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MS and Pregnancy: Here’s What Prospective Mothers Should Know

According to new research, women with MS do not need to worry about having increased health complications during pregnancy. Still, if you are a prospective mother with MS, having regular appointments with your physician will help you guarantee that your health is being properly monitored.

May 12, 2021
Annabeth Collis

With every pregnancy, it’s normal to have questions and concerns about your own health and the health of your baby. But for mothers with certain health conditions, there can be even more factors to take into consideration. 

On February 3, 2021, a study was released in the online issue of Neurology Clinical Practice — an official journal of the American Academy of Neurology — about the effects that MS could have on a woman’s pregnancy. 

Are you a pregnant woman with MS? Here are all the things you should know about possible health risks during your pregnancy. 

a doctor looking at brain scans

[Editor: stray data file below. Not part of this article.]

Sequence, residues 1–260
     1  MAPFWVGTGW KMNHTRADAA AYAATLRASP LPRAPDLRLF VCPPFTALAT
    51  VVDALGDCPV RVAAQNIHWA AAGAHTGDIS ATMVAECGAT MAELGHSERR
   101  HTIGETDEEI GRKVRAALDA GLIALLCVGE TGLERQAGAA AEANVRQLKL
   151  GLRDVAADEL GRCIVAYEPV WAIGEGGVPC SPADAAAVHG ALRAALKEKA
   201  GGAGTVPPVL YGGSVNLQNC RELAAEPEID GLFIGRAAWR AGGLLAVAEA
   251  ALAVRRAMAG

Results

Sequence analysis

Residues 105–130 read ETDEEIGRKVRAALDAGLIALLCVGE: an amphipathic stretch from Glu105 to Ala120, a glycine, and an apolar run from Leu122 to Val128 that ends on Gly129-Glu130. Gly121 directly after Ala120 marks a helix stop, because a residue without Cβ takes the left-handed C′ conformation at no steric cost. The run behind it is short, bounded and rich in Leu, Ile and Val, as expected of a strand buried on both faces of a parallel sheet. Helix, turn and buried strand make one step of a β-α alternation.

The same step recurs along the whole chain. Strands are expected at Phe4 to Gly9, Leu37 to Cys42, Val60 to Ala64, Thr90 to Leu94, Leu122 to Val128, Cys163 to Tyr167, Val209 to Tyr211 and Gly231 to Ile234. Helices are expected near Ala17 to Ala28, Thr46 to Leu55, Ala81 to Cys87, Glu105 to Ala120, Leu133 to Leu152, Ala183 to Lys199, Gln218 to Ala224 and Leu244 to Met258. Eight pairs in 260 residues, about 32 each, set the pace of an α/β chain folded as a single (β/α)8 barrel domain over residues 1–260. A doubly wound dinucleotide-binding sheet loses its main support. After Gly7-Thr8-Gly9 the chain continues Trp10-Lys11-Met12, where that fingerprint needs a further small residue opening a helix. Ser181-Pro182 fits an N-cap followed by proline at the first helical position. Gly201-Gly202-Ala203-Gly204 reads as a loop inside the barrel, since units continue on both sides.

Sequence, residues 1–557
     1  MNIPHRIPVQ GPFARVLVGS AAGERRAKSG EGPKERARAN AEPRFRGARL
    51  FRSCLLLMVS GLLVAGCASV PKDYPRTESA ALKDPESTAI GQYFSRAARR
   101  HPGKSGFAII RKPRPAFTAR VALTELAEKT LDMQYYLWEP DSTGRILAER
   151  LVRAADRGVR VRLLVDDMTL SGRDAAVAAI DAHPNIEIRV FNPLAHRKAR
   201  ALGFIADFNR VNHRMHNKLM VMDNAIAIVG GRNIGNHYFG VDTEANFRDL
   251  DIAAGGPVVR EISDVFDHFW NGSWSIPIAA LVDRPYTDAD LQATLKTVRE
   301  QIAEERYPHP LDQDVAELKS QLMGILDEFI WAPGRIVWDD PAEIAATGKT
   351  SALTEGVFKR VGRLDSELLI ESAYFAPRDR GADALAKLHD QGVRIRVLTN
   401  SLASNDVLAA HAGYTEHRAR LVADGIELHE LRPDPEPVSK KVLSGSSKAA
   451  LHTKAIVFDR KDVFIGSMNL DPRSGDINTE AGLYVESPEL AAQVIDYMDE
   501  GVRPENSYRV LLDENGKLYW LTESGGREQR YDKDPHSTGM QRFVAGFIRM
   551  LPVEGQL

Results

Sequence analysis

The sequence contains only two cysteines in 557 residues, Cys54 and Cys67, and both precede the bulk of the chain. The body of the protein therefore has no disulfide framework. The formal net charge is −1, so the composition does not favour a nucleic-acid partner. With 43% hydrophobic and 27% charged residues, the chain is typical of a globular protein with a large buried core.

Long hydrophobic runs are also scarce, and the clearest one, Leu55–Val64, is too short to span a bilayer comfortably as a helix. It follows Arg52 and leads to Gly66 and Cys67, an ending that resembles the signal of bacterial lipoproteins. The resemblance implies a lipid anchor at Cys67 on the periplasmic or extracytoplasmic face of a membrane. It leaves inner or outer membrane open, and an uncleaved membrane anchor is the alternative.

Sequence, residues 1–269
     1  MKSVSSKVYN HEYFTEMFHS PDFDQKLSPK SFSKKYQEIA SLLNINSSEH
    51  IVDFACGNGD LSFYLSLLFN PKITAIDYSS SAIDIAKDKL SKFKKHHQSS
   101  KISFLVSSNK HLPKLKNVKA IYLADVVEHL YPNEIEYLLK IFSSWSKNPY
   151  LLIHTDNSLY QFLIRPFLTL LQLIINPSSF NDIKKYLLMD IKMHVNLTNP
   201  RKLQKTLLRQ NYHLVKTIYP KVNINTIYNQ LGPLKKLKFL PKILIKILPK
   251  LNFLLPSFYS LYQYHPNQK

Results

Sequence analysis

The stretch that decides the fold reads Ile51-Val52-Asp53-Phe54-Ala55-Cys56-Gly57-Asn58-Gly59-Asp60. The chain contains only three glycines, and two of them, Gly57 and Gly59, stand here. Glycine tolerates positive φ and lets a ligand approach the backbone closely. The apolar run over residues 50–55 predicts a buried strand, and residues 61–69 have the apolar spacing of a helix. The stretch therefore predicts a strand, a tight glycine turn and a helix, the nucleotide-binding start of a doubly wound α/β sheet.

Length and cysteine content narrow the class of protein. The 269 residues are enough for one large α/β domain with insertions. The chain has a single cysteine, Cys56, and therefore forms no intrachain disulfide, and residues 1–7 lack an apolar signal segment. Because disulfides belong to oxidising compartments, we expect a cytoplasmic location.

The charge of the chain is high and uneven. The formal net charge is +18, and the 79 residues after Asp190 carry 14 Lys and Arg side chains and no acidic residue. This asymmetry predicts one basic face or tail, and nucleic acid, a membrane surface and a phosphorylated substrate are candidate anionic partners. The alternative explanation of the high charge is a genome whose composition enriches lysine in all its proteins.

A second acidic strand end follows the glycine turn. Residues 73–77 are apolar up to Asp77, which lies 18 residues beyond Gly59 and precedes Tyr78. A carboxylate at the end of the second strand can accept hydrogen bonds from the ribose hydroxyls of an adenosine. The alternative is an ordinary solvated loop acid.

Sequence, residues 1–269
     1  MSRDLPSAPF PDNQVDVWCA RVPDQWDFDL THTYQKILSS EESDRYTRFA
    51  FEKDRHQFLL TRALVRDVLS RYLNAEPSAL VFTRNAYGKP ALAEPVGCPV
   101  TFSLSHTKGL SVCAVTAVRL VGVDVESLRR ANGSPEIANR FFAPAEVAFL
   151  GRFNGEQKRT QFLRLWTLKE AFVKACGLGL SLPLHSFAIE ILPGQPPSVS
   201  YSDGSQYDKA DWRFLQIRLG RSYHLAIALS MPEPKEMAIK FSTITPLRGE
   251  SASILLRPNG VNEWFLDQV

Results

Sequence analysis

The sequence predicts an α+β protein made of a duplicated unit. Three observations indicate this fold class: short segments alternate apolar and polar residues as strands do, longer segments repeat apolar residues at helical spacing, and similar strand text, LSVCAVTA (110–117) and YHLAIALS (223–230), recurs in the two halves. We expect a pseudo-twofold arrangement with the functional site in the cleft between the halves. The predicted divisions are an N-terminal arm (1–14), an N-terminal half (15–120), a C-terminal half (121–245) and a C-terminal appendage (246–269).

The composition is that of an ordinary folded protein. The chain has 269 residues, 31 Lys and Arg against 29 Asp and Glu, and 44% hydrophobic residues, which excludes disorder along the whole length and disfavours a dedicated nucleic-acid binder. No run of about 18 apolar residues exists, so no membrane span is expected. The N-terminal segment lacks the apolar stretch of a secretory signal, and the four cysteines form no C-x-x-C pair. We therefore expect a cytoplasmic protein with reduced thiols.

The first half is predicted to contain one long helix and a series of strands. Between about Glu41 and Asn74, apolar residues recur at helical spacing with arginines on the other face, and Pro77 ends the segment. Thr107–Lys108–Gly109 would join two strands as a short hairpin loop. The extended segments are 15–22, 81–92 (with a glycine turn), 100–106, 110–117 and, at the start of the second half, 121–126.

Multiple sclerosis is a disease that impacts the flow of information between the brain and the body. 

What is Multiple Sclerosis? 

Multiple sclerosis (MS) is a disease of the central nervous system (CNS) that disrupts the flow of information both within the brain and between the brain and the body. The central nervous system is made up of the brain, spinal cord, and optic nerves, and multiple sclerosis affects these parts of a person's neurological functioning. 

Multiple sclerosis involves an immune-mediated process. During this process, an abnormal response of the body’s immune systems is directed against the central nervous system. The immune system causes inflammation within the central nervous system of a person with MS. This inflammation then damages myelin — the insulating substance that forms around nerves — in addition to nerve fibers and the specialized cells responsible for making myelin.  

Myelin and nerve fibers allow electrical impulses to be transmitted along a person’s nerve cells, but these impulses slow down when myelin is damaged. Because myelin and nerve fibers can be damaged or destroyed in individuals with MS, important electrical impulses travelling along the CNS can be altered or completely stopped. 

The resulting damage to areas of a person’s CNS can lead to a range of neurological symptoms. Although the symptoms of MS are variable and unpredictable, some symptoms are more common than others, including: 

  • Fatigue
  • Walking difficulties
  • Numbness or tingling
  • Spasticity
  • Weakness